We have combined OneNote 2007 with SharePoint 2007 to create an excellent team knowledge management tool, which we refer to as ‘OnePoint’. This implementation provides an intuitive user-friendly interface onto a SharePoint document library with automatically managed online/offline capability. In addition to this the ability to add hyperlinks, text and pictures alongside these document files adds significant value to a team – users doesn’t always have to open a document to find information.

Teams with OneNote installed are jointly accessing and working on notebooks and libraries stored in SharePoint, thus using SharePoint as a mini Amazon S3. Their data is in safe hands.

I hear from reliable sources that it’s going very well, with users requesting it across the company.

OnePoint is not only revolutionising team collaboration, but also reducing email traffic, eliminating information silos and being demanded by users of all technical ability!

Ben’s slides are on his post which detail the positioning of the product in the ‘heirachy of information’.

OnePoint: Revolutionising team collaboration

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Enterprise 2.0 & Blogs – First Mover Advantage

It’s something I’ve seen a few times now. If you’re the or one of the first people in your organisation to start an internal blog, you can leverage much more influence than if you’re late to the party.

I’ve seen people get the ear of the board, senior Vice Presidents, influence company policy, gain exciting projects and become promoted to official ‘2.0’ ambassador both within and outside of IT lines. How and why? They have been quick to leverage one of the most powerful communication channels emerging inside the firewall. They’ve also realised that getting in early, before it gets ‘noisy’ is key to success.

First a word of caution. If you really are the very first person to set-up an internal blog you are going to be subject to scrutiny, risk being shut down and might be disappointed if your efforts go nowhere. This is especially true in large bureaucratic organisations.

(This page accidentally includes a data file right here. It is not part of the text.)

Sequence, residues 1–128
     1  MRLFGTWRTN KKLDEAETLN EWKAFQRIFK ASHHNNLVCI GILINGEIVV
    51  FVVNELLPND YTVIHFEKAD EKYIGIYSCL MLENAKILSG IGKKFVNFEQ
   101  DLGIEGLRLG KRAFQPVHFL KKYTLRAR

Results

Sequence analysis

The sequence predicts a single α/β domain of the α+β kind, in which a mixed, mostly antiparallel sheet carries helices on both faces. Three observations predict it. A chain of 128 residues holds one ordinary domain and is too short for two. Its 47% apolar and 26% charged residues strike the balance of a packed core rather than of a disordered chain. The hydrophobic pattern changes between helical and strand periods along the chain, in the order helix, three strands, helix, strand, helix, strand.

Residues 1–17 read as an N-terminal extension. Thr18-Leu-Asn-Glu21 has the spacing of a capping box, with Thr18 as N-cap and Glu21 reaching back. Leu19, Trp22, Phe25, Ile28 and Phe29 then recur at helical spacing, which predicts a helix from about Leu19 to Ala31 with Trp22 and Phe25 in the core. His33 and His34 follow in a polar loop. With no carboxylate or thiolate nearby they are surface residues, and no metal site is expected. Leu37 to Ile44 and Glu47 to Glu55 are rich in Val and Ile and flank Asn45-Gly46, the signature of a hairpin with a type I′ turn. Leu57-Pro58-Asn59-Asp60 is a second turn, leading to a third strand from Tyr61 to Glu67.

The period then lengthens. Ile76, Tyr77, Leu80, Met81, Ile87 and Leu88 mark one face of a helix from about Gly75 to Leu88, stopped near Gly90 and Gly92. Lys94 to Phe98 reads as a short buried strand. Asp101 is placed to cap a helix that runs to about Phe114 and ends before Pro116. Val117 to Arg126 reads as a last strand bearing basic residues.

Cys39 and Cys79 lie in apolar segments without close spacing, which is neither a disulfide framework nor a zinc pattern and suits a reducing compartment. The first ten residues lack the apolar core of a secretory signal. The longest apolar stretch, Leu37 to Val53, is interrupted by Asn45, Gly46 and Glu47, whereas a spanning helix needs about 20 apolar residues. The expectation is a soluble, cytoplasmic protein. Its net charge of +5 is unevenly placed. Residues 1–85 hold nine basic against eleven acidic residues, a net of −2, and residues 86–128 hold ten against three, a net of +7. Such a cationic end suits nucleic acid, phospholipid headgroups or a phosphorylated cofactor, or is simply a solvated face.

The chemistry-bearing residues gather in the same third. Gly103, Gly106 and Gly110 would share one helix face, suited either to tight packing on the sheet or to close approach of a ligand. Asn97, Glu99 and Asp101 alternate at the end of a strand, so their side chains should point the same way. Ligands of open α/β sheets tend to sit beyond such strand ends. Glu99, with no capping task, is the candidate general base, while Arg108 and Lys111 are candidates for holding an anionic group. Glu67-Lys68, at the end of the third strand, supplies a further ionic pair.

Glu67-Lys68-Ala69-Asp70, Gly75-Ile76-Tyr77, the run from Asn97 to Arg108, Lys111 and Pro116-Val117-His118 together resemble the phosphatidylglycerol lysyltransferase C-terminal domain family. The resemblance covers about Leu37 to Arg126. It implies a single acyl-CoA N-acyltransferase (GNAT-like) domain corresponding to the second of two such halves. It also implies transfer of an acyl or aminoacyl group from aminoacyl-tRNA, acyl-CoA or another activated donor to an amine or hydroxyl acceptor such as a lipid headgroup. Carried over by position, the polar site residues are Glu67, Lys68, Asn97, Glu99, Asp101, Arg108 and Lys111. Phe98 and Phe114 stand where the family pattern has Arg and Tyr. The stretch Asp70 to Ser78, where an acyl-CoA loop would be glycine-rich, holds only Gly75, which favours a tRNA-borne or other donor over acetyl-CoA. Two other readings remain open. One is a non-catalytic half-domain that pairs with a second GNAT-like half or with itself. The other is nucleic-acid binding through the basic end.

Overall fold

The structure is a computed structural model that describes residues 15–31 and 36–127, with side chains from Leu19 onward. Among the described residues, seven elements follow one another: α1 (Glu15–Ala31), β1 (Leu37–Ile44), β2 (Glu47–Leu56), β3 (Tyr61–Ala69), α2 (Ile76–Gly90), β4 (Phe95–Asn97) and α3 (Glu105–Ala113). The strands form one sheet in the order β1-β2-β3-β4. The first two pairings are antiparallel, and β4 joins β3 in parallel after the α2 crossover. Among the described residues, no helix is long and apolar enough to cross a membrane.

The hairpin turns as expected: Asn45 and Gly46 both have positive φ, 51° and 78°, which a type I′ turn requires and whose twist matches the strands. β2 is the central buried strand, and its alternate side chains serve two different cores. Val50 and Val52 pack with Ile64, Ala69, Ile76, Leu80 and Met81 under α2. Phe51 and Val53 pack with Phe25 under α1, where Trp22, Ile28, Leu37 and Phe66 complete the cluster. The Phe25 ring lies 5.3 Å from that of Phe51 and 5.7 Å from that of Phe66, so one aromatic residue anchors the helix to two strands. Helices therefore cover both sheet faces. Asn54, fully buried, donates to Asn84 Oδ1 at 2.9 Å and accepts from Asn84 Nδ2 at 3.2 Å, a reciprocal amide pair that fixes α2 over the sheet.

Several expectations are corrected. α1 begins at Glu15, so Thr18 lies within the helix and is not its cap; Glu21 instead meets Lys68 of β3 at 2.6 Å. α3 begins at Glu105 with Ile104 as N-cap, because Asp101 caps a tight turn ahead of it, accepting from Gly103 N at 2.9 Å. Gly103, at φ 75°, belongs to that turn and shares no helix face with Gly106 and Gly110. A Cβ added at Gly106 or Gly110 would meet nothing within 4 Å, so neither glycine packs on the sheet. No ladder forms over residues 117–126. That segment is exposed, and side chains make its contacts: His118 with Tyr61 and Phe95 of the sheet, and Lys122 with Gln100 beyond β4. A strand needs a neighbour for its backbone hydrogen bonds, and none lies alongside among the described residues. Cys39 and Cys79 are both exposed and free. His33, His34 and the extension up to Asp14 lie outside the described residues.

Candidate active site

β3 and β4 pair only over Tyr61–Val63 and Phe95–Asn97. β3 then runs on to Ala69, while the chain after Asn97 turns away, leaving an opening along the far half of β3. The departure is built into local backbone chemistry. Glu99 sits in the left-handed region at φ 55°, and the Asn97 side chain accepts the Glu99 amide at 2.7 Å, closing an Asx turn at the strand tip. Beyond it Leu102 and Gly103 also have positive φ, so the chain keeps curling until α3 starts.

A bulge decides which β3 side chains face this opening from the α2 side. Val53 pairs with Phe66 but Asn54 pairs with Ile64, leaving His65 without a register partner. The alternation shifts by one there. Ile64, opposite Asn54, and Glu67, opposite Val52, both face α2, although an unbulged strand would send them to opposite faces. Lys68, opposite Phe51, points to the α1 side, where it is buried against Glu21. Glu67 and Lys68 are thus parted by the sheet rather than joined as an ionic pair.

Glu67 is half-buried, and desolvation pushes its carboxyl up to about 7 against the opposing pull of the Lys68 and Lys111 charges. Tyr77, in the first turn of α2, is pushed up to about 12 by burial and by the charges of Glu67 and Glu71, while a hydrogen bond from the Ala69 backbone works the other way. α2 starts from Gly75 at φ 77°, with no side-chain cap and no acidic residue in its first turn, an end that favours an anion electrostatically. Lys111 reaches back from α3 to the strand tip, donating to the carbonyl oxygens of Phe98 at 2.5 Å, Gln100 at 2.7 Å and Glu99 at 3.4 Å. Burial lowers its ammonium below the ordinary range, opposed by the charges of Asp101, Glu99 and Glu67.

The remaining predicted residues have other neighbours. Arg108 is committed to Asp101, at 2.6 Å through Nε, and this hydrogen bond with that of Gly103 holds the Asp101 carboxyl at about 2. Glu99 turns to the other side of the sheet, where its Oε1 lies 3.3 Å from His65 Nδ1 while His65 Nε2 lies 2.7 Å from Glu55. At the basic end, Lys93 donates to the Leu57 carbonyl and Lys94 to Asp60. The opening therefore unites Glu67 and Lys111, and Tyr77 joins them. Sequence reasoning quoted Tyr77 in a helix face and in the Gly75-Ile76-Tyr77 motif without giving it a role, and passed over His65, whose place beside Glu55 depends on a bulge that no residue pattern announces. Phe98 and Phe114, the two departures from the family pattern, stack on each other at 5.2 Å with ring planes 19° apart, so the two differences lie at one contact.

Now the good news. Being the very first (or one of just a few) puts you in an influential position. People will sit up and take notice. Here are some reasons you’ll attract attention:

  1. Senior management will want to know who you are and what you are saying. Are you a threat or an innovative individual who’s willing to share his thoughts in a public forum?
  2. The first blog is like a when a new kid starts school. People want to know who you are, what you are like and what you have to say. Whether they take to you after this is another matter and is up to you.
  3. It can feel like a new era has dawned on your company. This is especially true if the blog originates outside of a technical IT line. Such a simple thing as a blog can make people feel like the company is moving with the times both culturally and technically.
  4. You are doing something new that others wish they had the courage to do, so they’ll take notice and champion your efforts.
  5. You’ll be seen as a risk talker and innovator. In many companies this is a good thing.

So now you have this attention, what are you going to do with it? Well, I’d steer clear from being too hard-line about anything or controversial to begin with. Remember that by becoming the first blogger you have the unofficial job of setting a precedent, theme and image of blogging in general. If you start off ranting and raving about why the company is in a bad way, then you’ll just give blogs a bad name and represent yourself in a negative light.